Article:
Obviously, this was not much of a compromise, but it had the support even of some important Republicans. Lincoln, however, said no. “Let there be no compromise on the question of extending slavery,” he wrote his Republican friends in Congress. “The tug has to come and better now than later.” That tug came, and with it came the war.
Would Lincoln have taken so hard a line, or refused all compromise, had he anticipated that the war would take the lives of–the number is appalling–some 620,000 Americans? Probably not. (Nor, I suspect, would the Southern states have seceded had they anticipated the price they would pay.) Intransigent Lincoln surely was, but before blaming him for this, consider the alternative to war, or going to war. What was at stake?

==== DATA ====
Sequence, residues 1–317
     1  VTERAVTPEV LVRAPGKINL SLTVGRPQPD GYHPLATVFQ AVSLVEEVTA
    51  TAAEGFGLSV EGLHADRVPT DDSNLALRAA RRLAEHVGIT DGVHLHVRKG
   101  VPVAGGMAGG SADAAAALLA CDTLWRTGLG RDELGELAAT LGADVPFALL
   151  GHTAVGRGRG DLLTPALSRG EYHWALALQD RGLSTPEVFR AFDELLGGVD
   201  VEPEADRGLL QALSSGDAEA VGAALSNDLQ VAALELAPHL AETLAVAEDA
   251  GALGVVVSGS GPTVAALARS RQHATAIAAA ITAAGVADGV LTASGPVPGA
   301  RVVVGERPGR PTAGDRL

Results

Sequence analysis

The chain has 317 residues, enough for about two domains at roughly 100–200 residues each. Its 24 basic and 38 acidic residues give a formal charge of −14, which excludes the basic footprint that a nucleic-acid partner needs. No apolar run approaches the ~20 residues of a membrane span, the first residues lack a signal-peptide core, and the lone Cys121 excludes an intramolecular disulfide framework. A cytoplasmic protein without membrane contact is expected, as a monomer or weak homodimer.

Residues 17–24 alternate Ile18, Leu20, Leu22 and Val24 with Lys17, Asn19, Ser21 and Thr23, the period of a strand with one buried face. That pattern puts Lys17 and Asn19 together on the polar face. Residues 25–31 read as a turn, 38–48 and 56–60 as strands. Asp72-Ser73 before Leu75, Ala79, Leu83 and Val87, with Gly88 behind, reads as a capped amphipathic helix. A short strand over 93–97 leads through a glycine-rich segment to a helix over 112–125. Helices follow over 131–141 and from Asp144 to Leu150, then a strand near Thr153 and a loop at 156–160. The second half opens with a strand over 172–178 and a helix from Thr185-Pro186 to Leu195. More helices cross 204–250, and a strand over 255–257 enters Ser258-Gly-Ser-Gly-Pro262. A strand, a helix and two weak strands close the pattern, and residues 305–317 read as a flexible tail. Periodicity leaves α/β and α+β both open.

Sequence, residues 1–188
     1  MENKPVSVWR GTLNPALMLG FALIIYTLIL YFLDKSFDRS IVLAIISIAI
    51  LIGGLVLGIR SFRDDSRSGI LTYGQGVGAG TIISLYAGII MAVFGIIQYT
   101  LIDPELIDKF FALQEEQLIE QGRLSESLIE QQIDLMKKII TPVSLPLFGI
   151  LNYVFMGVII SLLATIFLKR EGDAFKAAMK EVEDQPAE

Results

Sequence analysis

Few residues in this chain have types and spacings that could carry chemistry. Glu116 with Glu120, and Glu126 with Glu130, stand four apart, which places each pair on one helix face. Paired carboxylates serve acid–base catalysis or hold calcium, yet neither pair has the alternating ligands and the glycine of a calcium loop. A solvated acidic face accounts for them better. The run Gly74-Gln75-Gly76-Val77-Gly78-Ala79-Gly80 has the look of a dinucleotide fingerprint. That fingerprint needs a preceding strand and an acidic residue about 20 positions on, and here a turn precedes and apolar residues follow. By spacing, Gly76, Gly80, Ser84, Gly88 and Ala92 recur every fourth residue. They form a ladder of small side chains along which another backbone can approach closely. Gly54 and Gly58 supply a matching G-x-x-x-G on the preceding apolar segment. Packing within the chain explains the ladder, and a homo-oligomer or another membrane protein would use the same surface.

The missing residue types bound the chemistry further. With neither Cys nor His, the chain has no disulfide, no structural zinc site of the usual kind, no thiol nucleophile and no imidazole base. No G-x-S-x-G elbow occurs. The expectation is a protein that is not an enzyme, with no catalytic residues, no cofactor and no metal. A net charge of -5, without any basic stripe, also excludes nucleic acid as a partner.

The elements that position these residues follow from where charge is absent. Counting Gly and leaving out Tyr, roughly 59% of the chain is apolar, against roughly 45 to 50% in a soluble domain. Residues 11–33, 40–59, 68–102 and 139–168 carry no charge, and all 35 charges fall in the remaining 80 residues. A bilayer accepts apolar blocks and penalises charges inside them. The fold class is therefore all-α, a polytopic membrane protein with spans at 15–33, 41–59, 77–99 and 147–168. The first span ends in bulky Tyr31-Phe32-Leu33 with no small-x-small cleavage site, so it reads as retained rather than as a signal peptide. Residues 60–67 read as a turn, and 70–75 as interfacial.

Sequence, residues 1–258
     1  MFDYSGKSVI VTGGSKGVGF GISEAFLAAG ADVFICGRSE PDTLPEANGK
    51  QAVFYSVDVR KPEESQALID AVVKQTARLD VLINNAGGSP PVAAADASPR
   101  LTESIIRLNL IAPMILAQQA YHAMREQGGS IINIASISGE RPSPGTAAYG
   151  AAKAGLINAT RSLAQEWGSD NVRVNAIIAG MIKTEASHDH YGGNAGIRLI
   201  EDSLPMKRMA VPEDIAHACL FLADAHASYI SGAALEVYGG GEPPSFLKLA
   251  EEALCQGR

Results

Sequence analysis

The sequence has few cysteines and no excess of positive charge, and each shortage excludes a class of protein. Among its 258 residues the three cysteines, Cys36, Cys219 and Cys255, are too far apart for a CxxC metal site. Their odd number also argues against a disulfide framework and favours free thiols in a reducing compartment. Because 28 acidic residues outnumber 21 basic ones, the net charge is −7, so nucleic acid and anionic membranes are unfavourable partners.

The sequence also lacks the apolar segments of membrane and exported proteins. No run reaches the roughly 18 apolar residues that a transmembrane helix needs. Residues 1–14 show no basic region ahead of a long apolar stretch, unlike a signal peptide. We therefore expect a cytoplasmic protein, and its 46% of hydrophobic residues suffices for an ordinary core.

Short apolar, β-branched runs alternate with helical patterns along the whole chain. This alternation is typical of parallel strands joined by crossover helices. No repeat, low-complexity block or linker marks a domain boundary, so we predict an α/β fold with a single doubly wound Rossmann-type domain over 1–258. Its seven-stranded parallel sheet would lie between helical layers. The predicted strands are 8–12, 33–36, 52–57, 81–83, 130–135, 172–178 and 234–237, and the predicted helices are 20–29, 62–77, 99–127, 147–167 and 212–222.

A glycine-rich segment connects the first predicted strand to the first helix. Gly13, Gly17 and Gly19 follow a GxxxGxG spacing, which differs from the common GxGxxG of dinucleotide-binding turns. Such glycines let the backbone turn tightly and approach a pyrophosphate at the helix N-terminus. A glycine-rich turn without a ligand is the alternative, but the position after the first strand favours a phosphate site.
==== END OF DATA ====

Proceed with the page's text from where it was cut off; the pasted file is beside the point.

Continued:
In 1857, the Supreme Court of the United States handed down the decision in Dred Scott v. Sandford, holding that Congress, under the Constitution, could not prohibit slavery in any of the territories, thereby opening them all to slavery. But Chief Justice Roger Taney did more than that in his Dred Scott opinion. Although only dicta–not part of the holding in the case–Taney said this: “The right of property in a slave is distinctly and expressly affirmed in the Constitution.”